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Ethics society's growth meets push for major

Nov. 2, 2005


More than 160 students have joined Baylor University Medical Ethics Discussion Society, an organization that raises awareness about medical humanities, since the club's chartering ceremony in September.

The organization was created as an academic supplement to the medical humanities minor and possible future major, said Stefani Hawbaker, an Arlington sophomore and BUMEDS president.

Proposals for the medical humanities major have been sent to the Baylor Board of Regents. Dr. Michael Attas, assistant director of medical humanities, said he hopes the proposal will be approved by next fall.

If the major is accepted, it will be the first of its kind nationwide.

"Baylor is taking an unprecedented step by marrying the concepts of spirituality and health care," said Martin Hechanova, a Coppell sophomore and BUMEDS co-founder.

Dr. James Marcum, professor of philosophy, is working with the development office to raise endowment for medical humanities.

Medical humanities include courses in religion, sociology, death and dying, bioethics, psychology, history and political science. The organization discusses issues students may encounter in their medical careers, like tragedy or practice management, Attas said.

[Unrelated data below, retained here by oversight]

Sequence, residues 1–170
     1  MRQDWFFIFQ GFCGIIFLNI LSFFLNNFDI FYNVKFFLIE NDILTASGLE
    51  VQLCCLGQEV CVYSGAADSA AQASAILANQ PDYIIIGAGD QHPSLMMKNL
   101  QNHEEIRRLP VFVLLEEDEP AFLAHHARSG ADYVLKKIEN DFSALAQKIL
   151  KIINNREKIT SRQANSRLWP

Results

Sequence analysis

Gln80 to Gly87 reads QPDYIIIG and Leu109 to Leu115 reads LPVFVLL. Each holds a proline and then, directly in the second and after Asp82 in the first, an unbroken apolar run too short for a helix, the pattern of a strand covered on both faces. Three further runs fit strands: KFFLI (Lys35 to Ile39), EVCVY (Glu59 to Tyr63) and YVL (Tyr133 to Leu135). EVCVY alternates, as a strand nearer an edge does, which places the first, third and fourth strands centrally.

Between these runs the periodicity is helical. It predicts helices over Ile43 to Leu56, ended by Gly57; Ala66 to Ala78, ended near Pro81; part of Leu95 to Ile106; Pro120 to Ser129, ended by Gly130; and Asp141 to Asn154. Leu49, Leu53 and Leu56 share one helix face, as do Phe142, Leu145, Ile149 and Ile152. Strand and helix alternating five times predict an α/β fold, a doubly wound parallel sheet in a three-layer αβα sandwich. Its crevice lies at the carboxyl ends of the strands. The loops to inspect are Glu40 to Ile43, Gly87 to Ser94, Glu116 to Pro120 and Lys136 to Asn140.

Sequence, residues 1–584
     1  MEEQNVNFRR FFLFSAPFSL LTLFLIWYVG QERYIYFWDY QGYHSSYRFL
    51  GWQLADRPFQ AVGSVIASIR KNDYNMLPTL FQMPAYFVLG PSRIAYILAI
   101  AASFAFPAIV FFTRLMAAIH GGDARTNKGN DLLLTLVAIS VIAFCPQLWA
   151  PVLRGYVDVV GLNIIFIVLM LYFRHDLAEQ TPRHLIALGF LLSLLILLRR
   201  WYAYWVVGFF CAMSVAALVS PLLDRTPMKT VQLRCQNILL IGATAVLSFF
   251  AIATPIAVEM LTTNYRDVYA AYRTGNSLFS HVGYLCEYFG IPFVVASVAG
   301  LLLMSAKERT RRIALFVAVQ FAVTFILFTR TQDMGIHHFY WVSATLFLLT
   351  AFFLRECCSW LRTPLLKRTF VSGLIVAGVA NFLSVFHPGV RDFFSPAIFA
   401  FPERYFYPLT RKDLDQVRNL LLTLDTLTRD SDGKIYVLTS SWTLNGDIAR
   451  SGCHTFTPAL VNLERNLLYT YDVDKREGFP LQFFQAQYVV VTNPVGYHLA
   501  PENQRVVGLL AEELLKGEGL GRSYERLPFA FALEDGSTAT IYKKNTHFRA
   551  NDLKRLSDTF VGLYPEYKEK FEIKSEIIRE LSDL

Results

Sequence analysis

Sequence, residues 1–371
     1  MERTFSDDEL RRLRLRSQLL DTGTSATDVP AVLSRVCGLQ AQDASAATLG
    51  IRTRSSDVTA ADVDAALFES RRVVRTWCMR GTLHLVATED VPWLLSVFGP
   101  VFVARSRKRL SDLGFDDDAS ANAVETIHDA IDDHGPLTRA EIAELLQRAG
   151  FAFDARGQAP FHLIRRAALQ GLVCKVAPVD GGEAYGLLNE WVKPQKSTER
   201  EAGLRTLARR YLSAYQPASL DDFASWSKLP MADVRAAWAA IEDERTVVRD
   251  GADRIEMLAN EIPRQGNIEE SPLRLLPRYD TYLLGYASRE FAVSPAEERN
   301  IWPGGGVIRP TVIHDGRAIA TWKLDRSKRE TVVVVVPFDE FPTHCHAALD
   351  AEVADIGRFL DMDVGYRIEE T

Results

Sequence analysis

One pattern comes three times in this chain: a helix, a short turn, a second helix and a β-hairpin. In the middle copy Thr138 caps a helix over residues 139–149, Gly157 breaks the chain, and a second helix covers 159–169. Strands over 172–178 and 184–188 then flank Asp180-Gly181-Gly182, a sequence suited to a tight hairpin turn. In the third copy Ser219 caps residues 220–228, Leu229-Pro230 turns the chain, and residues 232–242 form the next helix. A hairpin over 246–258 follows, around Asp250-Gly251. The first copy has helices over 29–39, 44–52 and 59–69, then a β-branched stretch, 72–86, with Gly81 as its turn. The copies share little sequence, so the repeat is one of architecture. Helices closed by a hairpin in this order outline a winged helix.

"We want the students to be challenged and pushed and emerged, thinking about things they've never thought about before," Attas said.

Also, knowledge of medical ethics helps students in medical school interviews, said Heather Pinkard, a Pine Bluff, Ark., sophomore and BUMEDS treasurer.

When students have engaged in medical humanities in a positive way, medical schools are impressed with their interviews, Attas said.

"To be a good doctor in society a person needs an ethical perspective," Hechanova said. "Being a doctor is no longer about giving someone medicine. It's about honoring a patient's rights and treating them both physically and spiritually."

Many doctors are implementing medical ethics into their practices, Hawbaker said.

"In a public university without religious ties, it's hard to bring up religion and ethics," Pinkard said. " But, Baylor has a sense of openness and religion in ethical decisions. They promote students talking about them."

Seventy percent of BUMEDS members are pre-med, but students of all majors are welcome to join, Hechanova said.

Houston junior Stephanie Gonzalez said BUMEDS is appealing because not a lot of people like to discuss the ethical part of medicine.

"A lot of what we talk about is med-related, but it can help other students think outside the box," Gonzalez said.

Topics at monthly meetings include physician-assisted suicide, the role of hope within medicine and how much comfort to give a patient. Representative Chet Edwards has been invited to speak at a future meeting about health care financing.

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